He adds: "And I think some well-placed university presidents ought to pull up their socks and say that."
If college leaders agree with Katz, few if any have been willing to say so publicly thus far, partly to avoid prejudging the work of the federal commission and partly out of fear of looking like knee-jerk obstructionists. But over the next few months, as the panel crafts its recommendations that are due to Education Secretary Margaret Spellings August 1, one set of higher education officials may find themselves in an especially well-placed (but perhaps unenviable) position: those current and former college presidents who are members of the federal commission.
To date, panel members like David Ward, president of the American Council on Education, and Charles M. Vest and James Duderstadt, former presidents of the Massachusetts Institute of Technology and University of Michigan, respectively, have largely refrained from any overt criticism of the testing concept, preferring gentle suggestions that the panel favor exhortation and agenda setting over top-down mandates. And Miller, the commission's genial chairman, has so far said the things they want to hear in response.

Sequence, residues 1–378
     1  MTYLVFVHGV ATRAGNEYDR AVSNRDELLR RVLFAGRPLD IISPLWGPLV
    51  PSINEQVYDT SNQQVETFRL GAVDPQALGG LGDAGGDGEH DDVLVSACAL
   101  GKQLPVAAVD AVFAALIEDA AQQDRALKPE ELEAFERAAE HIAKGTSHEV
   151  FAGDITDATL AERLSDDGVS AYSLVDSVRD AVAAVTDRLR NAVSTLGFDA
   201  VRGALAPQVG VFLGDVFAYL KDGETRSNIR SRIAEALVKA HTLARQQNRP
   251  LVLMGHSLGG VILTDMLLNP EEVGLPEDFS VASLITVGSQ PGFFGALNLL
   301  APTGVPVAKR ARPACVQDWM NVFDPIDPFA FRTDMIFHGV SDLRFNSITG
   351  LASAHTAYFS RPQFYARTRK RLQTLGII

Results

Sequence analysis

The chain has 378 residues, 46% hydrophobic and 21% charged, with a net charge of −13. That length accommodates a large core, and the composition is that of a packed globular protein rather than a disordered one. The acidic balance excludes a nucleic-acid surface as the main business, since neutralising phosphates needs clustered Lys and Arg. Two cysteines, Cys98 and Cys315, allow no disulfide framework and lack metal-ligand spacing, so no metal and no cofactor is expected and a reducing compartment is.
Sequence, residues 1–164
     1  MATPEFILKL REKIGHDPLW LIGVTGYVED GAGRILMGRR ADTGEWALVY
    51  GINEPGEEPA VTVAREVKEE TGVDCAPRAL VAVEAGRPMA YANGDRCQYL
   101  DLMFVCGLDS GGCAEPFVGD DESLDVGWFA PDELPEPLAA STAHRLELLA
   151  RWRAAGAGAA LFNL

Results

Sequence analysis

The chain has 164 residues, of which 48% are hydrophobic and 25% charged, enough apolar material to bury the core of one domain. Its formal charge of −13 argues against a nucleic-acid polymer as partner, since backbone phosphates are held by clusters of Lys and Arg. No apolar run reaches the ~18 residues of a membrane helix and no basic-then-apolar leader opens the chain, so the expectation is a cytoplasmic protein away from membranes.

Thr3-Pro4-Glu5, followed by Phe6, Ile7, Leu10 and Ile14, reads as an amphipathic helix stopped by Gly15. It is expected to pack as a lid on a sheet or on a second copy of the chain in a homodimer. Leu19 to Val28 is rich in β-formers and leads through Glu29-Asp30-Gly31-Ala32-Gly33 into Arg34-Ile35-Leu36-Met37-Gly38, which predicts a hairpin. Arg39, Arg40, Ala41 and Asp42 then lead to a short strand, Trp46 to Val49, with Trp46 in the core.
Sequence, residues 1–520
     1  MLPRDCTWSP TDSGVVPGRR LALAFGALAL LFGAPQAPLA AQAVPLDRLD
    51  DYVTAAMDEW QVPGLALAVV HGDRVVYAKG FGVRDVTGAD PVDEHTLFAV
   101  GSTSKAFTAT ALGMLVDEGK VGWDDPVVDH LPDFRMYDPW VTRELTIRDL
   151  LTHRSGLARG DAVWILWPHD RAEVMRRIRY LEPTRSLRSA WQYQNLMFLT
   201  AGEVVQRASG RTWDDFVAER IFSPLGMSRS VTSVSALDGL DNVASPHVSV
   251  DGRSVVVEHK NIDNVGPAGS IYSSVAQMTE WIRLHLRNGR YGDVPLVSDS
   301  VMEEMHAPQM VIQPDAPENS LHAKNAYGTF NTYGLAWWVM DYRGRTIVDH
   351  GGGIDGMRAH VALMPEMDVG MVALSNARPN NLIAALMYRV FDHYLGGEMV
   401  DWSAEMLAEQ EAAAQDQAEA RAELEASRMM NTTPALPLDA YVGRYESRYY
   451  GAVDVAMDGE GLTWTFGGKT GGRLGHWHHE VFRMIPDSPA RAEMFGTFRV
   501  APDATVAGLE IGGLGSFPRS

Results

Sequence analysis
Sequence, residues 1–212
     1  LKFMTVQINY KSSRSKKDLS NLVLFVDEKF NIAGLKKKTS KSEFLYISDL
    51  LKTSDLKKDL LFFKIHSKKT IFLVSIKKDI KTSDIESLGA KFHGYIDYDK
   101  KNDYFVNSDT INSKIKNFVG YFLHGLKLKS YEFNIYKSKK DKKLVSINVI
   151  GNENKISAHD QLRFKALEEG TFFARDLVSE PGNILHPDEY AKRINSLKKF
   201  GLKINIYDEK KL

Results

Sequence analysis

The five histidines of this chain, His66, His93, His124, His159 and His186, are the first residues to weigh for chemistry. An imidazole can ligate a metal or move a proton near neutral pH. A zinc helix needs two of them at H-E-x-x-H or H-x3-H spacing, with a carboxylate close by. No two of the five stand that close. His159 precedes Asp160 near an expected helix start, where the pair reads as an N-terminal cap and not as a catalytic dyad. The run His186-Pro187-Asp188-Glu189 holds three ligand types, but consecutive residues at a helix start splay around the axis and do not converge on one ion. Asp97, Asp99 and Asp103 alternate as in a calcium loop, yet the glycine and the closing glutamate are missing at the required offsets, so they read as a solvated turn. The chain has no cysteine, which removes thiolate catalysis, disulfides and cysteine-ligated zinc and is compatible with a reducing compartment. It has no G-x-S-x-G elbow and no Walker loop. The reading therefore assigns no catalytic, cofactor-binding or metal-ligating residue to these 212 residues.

But should the panel begin to shift its focus toward a more "consumer friendly" approach that would allow easy comparisons across institutions -- which would only be possible through a commonly applied set of standards and measurements -- the college leaders on the panel will be in the hot seat.